Wilson-Tamar-Diana-coverRecognizing this, anthropologist Tamar Wilson provides a detailed account of several important aspects of female migration in her Women’s Migration Networks in Mexico and Beyond (University of New Mexico Press, 2009).

Wilson’s book focuses on the experiences and thoughts of doña Consuelo [all names are pseudonyms], a woman she met while researching in Colonia Popular, a Mexicali squatter settlement, in 1988, and her daughters Anamaria and Irma.

Over a period of several years, and in small part due to marrying a man from Colonia Popular, the author was able to become an insider, invited to all family functions, helping pay for expenses of other family members for such things as tuition, gaining a unique perspective that extends far beyond that usually available to researchers. Yet, at the same time, she remained an observer, recording conversations and impressions and arranging interviews as she felt necessary in order to tease out the details relating to the migration network involved.

The book is solidly grounded in migration theory and the early chapters call heavily on secondary sources. The first chapter (Herstories) provides a useful summary of the history of Mexican migration to the USA since the mid-nineteenth century, and of the increasing participation of women in international migration from Mexico.

Chapter 2 summarizes the history of female employment in Mexico over the same time period, and changes in gender relations in recent decades, while Chapter 3 provides the theoretical background, emphasizing the key concepts of migration networks, social capital and the peculiarities of transnational migration.

Wilson summarizes the findings of previous studies as suggesting that, “Women migrants within Mexico tend to be disproportionately single and either separated, abandoned, or widowed, and single mothers tend to accompany parents. Young, single women seem to be attracted to the border by the possibilities of finding work in the maquiladoras, underscoring women’s generally ignored status as labor migrants. ” However, based on her fieldwork between 1988 and 1992, she found that  “None of the women in Colonia Popular had migrated to Mexicali in order to work in the maquiladoras, but some of their teenage daughters were employed in those assembly plants”.

Six chapters then focus on the personal experiences of doña Consuelo and her family and friends. Extensive quotations (translated into English) from interviews are linked with a clear narrative. These chapters are full of interest as the reader is drawn into the lives of the women and family members involved.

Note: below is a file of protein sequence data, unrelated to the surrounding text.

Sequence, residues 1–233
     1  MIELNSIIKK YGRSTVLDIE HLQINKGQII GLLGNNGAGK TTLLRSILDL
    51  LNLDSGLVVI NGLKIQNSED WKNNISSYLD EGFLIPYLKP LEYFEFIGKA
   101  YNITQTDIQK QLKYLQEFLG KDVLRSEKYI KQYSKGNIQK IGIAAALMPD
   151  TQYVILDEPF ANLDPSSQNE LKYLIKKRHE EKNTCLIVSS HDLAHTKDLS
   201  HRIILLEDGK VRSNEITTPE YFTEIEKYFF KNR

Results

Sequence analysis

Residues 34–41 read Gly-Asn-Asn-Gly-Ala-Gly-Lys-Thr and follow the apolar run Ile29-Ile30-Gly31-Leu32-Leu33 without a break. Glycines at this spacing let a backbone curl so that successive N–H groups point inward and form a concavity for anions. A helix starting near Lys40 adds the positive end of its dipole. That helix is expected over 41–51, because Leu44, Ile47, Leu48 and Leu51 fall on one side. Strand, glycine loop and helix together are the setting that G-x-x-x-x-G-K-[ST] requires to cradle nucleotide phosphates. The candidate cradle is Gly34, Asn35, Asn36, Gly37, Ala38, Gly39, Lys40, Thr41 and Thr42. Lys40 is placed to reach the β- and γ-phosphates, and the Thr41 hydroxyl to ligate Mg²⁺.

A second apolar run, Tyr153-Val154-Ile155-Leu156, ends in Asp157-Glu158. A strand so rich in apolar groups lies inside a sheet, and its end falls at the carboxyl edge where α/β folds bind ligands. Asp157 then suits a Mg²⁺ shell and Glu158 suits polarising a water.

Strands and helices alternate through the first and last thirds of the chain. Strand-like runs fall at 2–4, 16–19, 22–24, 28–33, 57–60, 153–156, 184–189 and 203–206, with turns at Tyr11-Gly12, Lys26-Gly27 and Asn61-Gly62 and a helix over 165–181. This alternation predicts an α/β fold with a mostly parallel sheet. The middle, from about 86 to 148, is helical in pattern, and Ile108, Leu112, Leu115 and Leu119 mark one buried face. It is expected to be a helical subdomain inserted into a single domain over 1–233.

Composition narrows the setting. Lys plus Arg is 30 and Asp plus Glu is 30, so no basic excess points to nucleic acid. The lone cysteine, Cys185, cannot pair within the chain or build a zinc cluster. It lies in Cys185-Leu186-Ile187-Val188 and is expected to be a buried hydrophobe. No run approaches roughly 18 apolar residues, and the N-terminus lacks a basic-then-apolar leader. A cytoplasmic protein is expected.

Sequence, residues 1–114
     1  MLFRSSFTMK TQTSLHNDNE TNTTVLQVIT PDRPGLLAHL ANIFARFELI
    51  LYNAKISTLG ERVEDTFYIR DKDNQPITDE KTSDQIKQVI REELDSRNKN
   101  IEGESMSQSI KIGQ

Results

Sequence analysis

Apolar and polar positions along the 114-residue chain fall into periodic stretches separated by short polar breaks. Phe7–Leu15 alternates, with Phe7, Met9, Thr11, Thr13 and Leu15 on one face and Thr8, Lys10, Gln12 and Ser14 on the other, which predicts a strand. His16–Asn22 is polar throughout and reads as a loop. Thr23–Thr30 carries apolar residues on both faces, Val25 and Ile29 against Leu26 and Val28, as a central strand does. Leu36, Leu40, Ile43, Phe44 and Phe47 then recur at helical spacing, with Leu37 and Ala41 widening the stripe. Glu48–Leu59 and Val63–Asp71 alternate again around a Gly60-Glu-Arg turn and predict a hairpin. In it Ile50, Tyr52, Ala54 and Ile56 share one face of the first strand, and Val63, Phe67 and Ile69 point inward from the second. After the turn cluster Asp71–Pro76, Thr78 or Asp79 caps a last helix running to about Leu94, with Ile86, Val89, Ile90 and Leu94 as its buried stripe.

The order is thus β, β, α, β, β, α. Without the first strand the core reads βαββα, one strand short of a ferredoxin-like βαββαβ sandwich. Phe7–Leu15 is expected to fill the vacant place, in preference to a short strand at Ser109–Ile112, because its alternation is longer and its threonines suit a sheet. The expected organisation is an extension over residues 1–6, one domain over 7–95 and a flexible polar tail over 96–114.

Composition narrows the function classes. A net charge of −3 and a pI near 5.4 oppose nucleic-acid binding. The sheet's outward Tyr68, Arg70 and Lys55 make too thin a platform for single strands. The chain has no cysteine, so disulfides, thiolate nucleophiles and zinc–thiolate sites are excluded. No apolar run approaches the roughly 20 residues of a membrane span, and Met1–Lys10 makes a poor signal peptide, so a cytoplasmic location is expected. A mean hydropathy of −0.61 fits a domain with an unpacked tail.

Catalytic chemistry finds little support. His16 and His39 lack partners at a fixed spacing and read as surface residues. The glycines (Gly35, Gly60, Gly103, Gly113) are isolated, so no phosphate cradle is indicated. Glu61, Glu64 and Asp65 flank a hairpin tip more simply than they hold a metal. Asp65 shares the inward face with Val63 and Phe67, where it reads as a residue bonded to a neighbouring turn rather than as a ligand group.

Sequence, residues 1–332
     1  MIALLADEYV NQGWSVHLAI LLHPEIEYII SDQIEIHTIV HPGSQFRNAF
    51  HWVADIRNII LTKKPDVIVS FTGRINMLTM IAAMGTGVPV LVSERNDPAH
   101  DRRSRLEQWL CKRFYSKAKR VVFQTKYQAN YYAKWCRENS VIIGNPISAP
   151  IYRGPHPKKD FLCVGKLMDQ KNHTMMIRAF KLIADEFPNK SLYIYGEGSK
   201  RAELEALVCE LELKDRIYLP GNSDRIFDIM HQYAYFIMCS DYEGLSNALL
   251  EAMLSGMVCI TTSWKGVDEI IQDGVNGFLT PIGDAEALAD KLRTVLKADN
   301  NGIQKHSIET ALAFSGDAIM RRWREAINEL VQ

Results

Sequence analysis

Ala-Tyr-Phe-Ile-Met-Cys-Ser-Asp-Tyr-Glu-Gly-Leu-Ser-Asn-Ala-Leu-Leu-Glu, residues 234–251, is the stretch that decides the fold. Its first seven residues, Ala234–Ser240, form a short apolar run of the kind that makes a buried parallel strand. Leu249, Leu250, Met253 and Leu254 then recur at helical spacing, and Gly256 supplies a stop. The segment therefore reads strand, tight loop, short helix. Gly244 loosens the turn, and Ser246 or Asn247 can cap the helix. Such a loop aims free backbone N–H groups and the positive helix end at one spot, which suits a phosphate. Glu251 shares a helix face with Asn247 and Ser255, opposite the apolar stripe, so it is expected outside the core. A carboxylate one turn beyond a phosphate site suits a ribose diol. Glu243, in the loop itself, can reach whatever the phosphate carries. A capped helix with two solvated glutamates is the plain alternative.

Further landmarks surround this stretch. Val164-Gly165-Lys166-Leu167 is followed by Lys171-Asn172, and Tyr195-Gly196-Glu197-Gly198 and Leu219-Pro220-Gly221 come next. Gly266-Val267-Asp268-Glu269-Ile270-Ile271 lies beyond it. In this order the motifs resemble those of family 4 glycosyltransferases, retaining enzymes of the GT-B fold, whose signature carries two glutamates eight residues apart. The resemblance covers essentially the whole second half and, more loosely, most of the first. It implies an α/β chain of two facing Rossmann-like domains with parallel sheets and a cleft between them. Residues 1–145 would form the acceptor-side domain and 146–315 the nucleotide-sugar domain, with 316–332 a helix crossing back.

In the final chapter, Wilson draws nine general conclusions from her research:

  1. Poor women in Mexico engage in a variety of income-producing activities in both the formal and informal economies that may involve migration.
  2. Many if not most women accept the system of male domination but may opt out of an unhappy marriage if men do not live up to certain standards they consider fair. This is especially true in urban areas where women can find work.
  3. Although many women migrate under the auspices of husbands or fathers, women’s migration in Mexico can take [place independently of males.
  4. Extended family migration to a given city often also involves migration to a specific colonia or neighborhood within that city.
  5. The social capital provided by networks exists on individual, familial and community levels
  6. Strong ties can be either reinforced or weakened over time and the family life cycle, and weak tie can be converted into strong ties or abandoned. Transnational migration networks multiply in urban centers when siblings or offspring marry.
  7. Transnational migration networks can be anchored in a multiplicity of locales, including place of origin, place of anterior (internal or transnational) migration, or place of one’s current residence or that of one’s parents, spouse’s parents or other kin
  8. Adaptation networks for urban-origin migrants at destination may be, to a great extent, composed of work-site acquaintances converted into friends or ritual kin, and both friends and ritual kin may introduce migrants to future friends and ritual kin.
  9. Transnationalism involves individuals embedded in households, families and networks who, through their ability to cross borders, provide connecting links between kin in Mexico and kin in the United States.

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Nov 152012